Houston’s bearded hero managed to keep his 29 points per game average and steady field goal percentage while increasing his assists from 7.5 in 2015 to 11.2 per game last season. It’s breaking basketball down to its simplest form and just getting out of the way of these stars when they have the ball in their hand.

People expected that to change for Harden when Chris Paul got shipped to Houston prior to his knee injury, but The Beard himself couldn’t have explained the situation better. There wouldn’t be a point guard. Just two guys who dominate the ball equally.

This feeds into the idea that there are no positions, but just looking deeper into Harden’s words show that isn’t true. Going out and making plays in order to help your team be better is the mantra of any player, but it relates closest to the point guard position. The offense normally surrounds the best player on the team, so allowing him to control the play from the beginning is the easiest way to achieve that.

We’re seeing teams use it to a smaller sample size like DeMar DeRozan in Toronto, but just by looking at some of the future stars in the league, it’s apparent this trend is going to continue to go in this direction.

This isn’t something that should really shock anyone. Yes, the point guard touches the ball more than the majority of players on the court due to how offenses are set up, but it goes deeper than that. For many teams, the point guard is often the best player on their roster. Out of the top 15 qualifying players with the highest usage ratings in the league last season, eight were point guards. That isn’t even including Wade, LeBron, or DeRozan who played point guard at times.

Looking even further into the point guard driven league no matter what actual position you play, the same thing extends to big men. We’re talking about dudes who are much closer to the prototypical big than LeBron and Giannis, yet they still display the same skill sets. Look at someone like Anthony Davis who is widely considered one of the best players in the league. He was a point guard in high school until he hit a ridiculous growth spurt. Sure, he blocks shots out of the air on a nightly basis and can bang in the paint like a big, but his point guard-driven skills are what separate him from other players at his position.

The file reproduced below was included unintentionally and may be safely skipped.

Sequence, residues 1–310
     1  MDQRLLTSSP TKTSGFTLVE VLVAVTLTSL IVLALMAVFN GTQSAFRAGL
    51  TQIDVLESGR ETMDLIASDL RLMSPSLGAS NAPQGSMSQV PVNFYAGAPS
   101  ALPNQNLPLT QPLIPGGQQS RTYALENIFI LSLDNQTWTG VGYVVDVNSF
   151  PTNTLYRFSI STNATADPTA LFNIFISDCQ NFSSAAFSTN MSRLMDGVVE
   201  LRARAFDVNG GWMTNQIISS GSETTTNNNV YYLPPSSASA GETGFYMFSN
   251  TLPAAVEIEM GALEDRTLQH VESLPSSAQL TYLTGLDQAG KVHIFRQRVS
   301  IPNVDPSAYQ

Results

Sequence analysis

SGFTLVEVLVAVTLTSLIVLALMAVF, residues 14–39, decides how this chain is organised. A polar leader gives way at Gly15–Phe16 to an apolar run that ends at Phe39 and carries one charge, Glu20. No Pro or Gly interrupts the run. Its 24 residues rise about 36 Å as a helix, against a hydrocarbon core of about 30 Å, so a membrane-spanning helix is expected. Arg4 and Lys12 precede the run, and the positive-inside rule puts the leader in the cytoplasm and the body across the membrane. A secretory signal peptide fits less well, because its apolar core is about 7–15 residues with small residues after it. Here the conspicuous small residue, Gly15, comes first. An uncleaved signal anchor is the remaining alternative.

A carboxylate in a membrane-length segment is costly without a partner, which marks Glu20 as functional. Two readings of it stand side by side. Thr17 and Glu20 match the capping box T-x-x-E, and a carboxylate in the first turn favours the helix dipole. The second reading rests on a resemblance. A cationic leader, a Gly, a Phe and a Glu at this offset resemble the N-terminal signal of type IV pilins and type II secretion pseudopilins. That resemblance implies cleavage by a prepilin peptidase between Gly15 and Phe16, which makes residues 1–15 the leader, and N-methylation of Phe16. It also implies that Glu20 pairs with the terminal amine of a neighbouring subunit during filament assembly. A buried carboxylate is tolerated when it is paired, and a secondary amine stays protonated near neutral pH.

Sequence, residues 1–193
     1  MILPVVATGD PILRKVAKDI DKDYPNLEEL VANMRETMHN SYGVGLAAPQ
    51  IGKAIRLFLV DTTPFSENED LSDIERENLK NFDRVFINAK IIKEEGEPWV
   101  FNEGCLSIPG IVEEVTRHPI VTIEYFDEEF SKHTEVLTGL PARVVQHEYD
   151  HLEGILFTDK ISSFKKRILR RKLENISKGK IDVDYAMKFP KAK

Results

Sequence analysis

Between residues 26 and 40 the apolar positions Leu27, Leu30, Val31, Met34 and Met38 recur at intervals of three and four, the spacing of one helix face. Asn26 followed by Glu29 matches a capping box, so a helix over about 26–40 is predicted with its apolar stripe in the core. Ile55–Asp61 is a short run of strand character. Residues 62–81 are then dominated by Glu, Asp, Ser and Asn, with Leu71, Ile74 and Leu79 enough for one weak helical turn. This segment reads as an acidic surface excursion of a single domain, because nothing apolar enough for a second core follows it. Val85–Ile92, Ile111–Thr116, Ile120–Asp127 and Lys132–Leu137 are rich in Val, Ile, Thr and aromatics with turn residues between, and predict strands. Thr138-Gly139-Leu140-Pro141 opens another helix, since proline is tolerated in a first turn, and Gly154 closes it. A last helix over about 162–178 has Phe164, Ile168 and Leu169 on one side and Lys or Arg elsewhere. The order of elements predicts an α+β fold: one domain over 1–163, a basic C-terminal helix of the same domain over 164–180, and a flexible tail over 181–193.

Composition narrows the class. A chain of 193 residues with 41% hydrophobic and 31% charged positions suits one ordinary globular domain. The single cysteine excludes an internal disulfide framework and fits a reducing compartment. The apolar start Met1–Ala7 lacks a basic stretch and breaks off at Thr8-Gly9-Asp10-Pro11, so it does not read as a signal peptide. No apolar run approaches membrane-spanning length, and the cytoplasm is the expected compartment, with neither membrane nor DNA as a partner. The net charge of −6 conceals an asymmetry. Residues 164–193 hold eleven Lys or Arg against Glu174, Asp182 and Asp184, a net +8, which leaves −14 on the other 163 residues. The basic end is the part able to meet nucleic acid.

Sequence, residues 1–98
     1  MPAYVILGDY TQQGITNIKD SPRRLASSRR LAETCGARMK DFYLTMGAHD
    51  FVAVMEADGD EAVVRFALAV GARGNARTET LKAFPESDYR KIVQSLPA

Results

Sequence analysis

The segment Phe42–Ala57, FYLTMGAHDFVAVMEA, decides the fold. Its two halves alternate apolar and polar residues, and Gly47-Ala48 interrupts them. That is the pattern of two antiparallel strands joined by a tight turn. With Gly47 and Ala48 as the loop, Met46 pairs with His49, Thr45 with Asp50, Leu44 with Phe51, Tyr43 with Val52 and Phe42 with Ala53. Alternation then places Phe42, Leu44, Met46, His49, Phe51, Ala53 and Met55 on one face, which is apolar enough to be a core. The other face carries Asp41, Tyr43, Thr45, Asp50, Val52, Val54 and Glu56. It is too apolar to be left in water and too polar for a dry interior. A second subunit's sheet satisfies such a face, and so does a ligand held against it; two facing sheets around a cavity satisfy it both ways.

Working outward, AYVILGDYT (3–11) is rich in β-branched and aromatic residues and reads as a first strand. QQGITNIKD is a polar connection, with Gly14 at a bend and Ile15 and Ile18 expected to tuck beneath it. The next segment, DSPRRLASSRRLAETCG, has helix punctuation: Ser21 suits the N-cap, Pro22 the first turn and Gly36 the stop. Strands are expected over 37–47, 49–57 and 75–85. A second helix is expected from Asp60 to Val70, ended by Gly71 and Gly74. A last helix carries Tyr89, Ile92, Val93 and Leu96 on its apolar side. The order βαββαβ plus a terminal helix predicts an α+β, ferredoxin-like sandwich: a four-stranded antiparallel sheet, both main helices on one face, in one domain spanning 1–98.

You could say this is a prime argument about why this supports the positionless league idea, as players like Kristaps Porzingis, Demarcus Cousins, Karl Anthony-Towns, Joel Embiid and more have shown the ability to stretch out and shoot, but it goes beyond scoring. Being able to control the ball at any time as you cross half court make you a creator. You’re the one who gives shooters open space, paves lanes for cutters, and force help defenders to come over due to your ability to tear apart a defense. In what way is that not a point guard?

It doesn’t have to do with players like Embiid being the heart of The Process or Porzingis turning into a grown ass man in front of our very eyes. Their rise to the next level of stardom goes hand in hand with their ability to create, just like a point guard does.

In the end, we have seen the death of traditional positions as we know it. There will always be players who fit the mold of the old regime, but this is an adapt to survive kind of league. If you ever want to take your team to the next level, you have to put your best player at point guard, and let them run the show.